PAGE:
Today we present you two very important rulings of the Supreme Administrative Court from the past week.
Retrospective reduction of depreciation rates
The taxpayer (company) had a number of fixed assets. Due to the incurred tax losses, the company considered the possibility of lowering the depreciation rates also for the previous years, taking into account the limitation period for tax liabilities.
The company asked the Director of NFI whether it could “retroactively” lower the rates of tax depreciation during the fiscal year – for periods, which are not expired?
According to the taxpayer, Art. 16i sec. 5 of the CIT Act allows such operation.
The authority did not agree with this position, arguing that the reduction can only be made “on an ongoing basis”.
The District Administrative Court in Warsaw revoked the interpretation. The DAC indicated that the wording of the provision indicates that taxpayers may reduce the applied rates starting from the month (settlements for that month) – understood as the point in time – at which fixed assets were entered into their records or from the first month of any of the following tax years . However, this is not the same as the issue of a “technical” decision to change the rates, nor does it introduce the principle that the effects of such an operation may only be future.
This decision was upheld by the Supreme Administrative Court.
The Supreme Administrative Court agreed with the views of the District Administrative Court as regards the linguistic interpretation of the provision. The court of second instance also emphasized that the purpose of introducing this provision (which resulted from the justification of the amending act) was to introduce flexibility, thanks to which taxpayers can better relate these values to the company’s operations.
The Supreme Administrative Court emphasized that such a position was reflected in the (not yet numerous) judgments. Therefore, we can expect the formation of a certain line of jurisprudence.
Judgment of the Supreme Administrative Court of February 3, 2022, file ref. II FSK 1413/19
Statute of limitations – no income in PIT
The taxpayer did not conduct business activity. The taxpayer had a debt to the investment fund. However, due to the statute of limitations, the courts dismissed his claim. The fund issued PIT-8C to the taxpayer due to the limitation of this claim.
The taxpayer asked the Director of NFI whether it was correct if there was no permanent gain on the side of the applicant (no income subject to PIT)?
According to the taxpayer, the limitation of liabilities is not the same as their redemption – the expired claim does not expire, and only cannot be compulsorily enforced. Thus, there was no permanent asset gain and no income taxable with PIT.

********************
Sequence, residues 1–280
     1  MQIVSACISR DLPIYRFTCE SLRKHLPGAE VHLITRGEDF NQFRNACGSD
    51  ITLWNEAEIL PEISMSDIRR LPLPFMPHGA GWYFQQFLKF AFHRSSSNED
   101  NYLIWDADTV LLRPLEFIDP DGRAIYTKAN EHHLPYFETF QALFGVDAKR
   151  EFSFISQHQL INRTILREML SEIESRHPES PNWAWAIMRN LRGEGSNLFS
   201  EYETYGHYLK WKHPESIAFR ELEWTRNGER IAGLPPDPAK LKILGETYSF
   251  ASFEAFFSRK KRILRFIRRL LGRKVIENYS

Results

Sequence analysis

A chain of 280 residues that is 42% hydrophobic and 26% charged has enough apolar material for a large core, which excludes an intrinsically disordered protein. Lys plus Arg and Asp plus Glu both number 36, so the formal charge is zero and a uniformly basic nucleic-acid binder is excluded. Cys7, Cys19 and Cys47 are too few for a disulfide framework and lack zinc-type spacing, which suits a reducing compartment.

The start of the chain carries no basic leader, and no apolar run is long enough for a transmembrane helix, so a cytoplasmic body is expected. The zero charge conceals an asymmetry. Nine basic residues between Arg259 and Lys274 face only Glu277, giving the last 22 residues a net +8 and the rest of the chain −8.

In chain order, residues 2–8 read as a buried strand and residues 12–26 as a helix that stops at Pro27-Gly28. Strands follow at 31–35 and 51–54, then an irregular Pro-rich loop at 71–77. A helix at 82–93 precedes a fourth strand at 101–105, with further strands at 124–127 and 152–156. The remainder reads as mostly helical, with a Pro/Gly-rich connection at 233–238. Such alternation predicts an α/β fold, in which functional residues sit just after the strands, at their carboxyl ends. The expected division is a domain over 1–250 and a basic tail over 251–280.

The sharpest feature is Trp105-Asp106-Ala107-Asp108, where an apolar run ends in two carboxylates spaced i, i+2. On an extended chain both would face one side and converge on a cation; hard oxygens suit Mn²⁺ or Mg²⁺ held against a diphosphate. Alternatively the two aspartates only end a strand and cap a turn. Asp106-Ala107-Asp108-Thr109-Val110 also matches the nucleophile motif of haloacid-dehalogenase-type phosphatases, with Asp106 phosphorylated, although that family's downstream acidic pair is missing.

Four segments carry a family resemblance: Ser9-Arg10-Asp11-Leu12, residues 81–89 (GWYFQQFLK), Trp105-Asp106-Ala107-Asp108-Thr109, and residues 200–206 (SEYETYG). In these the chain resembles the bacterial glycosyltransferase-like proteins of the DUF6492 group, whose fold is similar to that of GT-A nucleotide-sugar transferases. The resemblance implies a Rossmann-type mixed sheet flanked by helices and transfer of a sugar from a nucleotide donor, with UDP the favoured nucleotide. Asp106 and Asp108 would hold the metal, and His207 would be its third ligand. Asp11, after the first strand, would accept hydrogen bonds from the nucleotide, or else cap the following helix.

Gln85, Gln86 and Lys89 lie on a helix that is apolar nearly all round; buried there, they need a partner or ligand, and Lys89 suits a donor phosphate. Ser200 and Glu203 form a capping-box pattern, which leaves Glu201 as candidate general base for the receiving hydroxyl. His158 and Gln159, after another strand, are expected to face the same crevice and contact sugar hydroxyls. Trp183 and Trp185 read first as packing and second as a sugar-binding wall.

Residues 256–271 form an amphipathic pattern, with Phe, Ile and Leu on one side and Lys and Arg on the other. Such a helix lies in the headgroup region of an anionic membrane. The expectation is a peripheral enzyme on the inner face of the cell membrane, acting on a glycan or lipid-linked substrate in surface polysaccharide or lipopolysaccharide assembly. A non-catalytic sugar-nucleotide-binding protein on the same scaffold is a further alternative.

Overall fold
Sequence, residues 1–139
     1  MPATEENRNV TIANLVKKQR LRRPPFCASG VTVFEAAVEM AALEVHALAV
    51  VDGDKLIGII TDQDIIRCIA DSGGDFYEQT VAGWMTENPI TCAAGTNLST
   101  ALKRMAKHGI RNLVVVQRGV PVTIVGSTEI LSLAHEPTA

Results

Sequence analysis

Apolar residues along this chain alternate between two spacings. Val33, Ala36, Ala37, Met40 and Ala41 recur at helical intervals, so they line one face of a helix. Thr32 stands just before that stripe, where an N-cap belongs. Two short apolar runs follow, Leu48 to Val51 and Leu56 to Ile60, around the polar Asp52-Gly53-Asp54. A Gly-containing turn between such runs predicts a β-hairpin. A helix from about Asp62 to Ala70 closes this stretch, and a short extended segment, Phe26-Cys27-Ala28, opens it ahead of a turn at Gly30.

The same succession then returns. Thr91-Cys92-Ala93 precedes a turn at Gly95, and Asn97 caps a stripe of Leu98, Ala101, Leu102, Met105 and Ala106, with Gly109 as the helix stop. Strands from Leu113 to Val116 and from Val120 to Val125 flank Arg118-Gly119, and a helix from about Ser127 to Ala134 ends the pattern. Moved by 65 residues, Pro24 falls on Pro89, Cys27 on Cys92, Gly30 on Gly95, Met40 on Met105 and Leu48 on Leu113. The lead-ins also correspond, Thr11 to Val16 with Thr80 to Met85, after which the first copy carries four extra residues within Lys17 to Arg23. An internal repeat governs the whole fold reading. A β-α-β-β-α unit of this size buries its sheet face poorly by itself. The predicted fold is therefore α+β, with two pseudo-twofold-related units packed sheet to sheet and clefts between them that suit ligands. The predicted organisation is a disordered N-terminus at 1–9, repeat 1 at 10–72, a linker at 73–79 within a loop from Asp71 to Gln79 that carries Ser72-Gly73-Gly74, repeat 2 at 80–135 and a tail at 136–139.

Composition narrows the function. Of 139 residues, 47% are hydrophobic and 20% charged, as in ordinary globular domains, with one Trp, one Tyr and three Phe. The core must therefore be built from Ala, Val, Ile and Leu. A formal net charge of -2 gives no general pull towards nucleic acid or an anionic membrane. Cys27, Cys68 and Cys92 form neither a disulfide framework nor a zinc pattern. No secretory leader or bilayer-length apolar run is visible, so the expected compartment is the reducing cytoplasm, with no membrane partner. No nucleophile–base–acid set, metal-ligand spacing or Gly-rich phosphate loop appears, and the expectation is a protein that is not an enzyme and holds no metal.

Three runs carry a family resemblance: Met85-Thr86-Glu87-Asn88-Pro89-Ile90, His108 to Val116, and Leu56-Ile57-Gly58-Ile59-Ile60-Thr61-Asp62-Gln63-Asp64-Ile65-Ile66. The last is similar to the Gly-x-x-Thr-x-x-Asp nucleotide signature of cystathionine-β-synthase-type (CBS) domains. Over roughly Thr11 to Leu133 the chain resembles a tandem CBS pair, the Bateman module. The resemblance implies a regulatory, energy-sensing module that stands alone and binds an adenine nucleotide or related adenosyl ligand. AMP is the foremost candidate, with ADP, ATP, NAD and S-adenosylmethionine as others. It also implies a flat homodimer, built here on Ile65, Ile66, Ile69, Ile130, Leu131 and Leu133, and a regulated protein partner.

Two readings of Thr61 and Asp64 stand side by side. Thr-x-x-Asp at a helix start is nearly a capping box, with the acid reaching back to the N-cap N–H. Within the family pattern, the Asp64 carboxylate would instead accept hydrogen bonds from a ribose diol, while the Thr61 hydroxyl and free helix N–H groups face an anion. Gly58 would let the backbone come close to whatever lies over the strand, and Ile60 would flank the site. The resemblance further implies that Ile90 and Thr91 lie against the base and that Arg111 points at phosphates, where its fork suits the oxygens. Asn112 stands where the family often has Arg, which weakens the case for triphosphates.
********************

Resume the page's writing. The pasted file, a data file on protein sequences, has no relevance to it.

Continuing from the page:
The director of NFI found that when there is an inability to enforce an obligation despite the fact that it has not actually been performed, the debtor obtains a certain financial benefit, manifested in the fact that he does not have to realistically perform the obligation. The financial effects of the limitation period are therefore the same as in the case of its redemption, therefore there is a real gain in property that should be subject to PIT.
The District Administrative Court in Kraków dismissed the taxpayer’s complaint.
The District Administrative Court emphasized that as a result of the statute of limitations, the taxpayer obtained a non-returnable material benefit, which results in the emergence of income from gratuitous benefits in the light of Art. 11 sec. 1 of the PIT Act. The court of first instance also referred to similar judgments of other District Administrative Courts.
The Supreme Administrative Court rejected the judgment and the appealed interpretation.
The Supreme Administrative Court emphasized that, from the civil law point of view, the statute of limitations means, in practice, the lack of legal protection of the claim for the creditor (the possibility of raising the statute of limitations). However, this does not mean that the debtor has no obligation to perform the performance. The obligation remains valid. This is a significant difference between civil law and tax obligations – and the civil law context should be taken into account here.
Further, since the liability does not expire, there is no real and definitive financial benefit here, and this is an essential feature of PIT income. Since the debtor has no gain, it is even less of a permanent and definitive nature.
The Supreme Administrative Court referred to its earlier judgment (of 27 May 2021, file reference number II FSK 3519/18), stressing at the same time that the opposing judgments of the District Administrative Court are annulled by the Supreme Administrative Court.
Judgment of the Supreme Administrative Court of February 2, 2022, file ref. II FSK 1256/19